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Wednesday, Jan 5, 2011
Marrying hip hop elements to high-energy compositions and carefully-crafted productions, new jack swing was the cutting edge of R&B music in the late 1980s and early 1990s.

Roughly 20 years ago was the popular apex of new jack swing, a subgenre of R&B that was the conclusion of the path that the musical form had explored for much of the 1980s. Hands down my favorite style of R&B, new jack swing marked the point when the genre began to fully acknowledge hip-hop, working its rhythms and raps into tight, well-oiled pop-funk compositions that valued high-stepping energy and intricate production above all else; the now thoroughly-blurred overlap between R&B and hip-hop in mainstream music is the style’s enduring legacy. New jack swing was club music—while certainly Bobby Brown or Guy would be wooing the ladies with every lyrical opportunity, it wasn’t the bedroom but the promise of a vibrant dancefloor that was the destination of choice—that was a much as feast for the discerning ear as it was fuel for a weekend out party-hopping.


A large part of new jack swing’s appeal is its irresistible energy, achieved through busy arrangements that incorporated stuttering grooves, swooping synth stabs, and confident, self-assured rap interludes.  Mainstream R&B of the 1980s was by and large upbeat and uptempo, and new jack swing maxed out those qualities as much as possible, making extended 12” vinyl remixes mandatory to keep the dancefloors happy. Part of what drew me to the genre as a kid which I only recognize now was its modernist nature: here was pop music that sounded daring in its slick construction and incorporation of (new to me then) sounds, not at all as dinky as technologically inferior synth-based efforts from earlier in the decade. The artists look the part, too—decked out in flattops and colorful outfits, they looked urban and urbane, the hip embodiment of the age.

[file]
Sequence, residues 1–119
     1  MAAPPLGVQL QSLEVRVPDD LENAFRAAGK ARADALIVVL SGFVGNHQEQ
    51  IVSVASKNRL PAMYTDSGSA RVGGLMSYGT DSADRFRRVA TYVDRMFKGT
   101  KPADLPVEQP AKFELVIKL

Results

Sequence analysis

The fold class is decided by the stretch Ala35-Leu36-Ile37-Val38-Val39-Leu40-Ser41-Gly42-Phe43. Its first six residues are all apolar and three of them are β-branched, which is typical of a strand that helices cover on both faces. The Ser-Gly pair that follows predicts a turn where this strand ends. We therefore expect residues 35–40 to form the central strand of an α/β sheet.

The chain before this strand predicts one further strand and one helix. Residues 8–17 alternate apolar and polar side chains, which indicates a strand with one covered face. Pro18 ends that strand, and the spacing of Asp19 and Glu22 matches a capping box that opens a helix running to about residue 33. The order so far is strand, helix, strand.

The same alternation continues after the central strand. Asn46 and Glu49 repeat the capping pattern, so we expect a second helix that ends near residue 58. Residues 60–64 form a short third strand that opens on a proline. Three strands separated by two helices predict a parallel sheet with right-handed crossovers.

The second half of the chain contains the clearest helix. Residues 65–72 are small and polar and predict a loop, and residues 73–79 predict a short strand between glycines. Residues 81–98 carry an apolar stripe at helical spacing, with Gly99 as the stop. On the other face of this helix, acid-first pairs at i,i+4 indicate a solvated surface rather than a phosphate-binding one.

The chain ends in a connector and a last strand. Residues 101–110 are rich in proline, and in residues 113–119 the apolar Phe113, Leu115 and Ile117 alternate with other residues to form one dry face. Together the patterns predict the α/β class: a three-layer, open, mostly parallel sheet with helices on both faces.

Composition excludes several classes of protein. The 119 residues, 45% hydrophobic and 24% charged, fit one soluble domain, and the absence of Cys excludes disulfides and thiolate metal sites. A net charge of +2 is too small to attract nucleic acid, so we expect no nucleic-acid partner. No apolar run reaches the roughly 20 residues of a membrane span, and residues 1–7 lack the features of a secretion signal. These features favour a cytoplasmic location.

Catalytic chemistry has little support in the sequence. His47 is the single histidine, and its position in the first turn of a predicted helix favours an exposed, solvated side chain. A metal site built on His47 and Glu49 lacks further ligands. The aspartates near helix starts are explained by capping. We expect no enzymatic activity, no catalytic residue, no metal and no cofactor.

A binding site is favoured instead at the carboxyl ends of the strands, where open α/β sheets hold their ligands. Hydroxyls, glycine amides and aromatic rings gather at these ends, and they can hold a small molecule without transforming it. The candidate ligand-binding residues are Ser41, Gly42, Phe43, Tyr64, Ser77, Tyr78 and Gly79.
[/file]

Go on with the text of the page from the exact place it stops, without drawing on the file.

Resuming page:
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Thursday, Dec 16, 2010
John Lennon agonized over his snapshot of youth seen through the glass hazily, and with the final touches of the indispensable George Martin, saw his simple reminiscence mutate into the surreal sound-bomb it remains today.

“Living is easy with eyes closed / Misunderstanding all you see / It’s getting hard to be someone but it all works out / It doesn’t matter much to me”. Those aren’t just defining lines from a defining song by the defining band of all time, the Beatles. They are lines written by the closest thing we humans get to a super hero at the top of his game, having just shouted down from the mountain top on one of the most innovative, shape-shifting songs of all time, “Tomorrow Never Knows”.


If some people, understandably, think the everything-plus-kitchen-sink approach on the subsequent Beatles album Sgt. Pepper’s Lonely Hearts Club Band (1967) was in places a tad too haphazard and indulgent, no such concerns can apply here: songwriter John Lennon knew what he wanted, telling MVP producer George Martin he wanted his vocals to sound like “a hundred chanting Tibetan monks”. No worries, right? Martin, with appreciable assistance from an always-game Paul McCartney, sliced, diced, looped and spliced, and second by painstaking second, reel-to-reel tape transported the magic from Lennon’s mind. To say that this song set the tone for experimentation and was influential across multiple genres, including—or especially—ones that didn’t even exist yet, scarcely does it justice.


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Thursday, Dec 9, 2010
Zappa was never commercially huge for the two most uncomplicated and inexorable reasons: he didn't particularly want (or, to his credit, need) to be, and more, he couldn't be.

December 4, 1993: impossible as it is (at least for me) to believe, it’s been 17 years since Frank Zappa passed away.


Zappa, to me, has always functioned as a corrective sort of converse to the Grateful Dead: he was around so long, was so productive and had (has) such a fanatical following, it’s difficult for the uninvolved observer to make heads or tails of his legacy. Unlike the Grateful Dead, once the dust clears, it becomes obvious that Zappa’s dense catalog of recordings is serious, ceaselessly rewarding, and likely to be dissected several generations from now.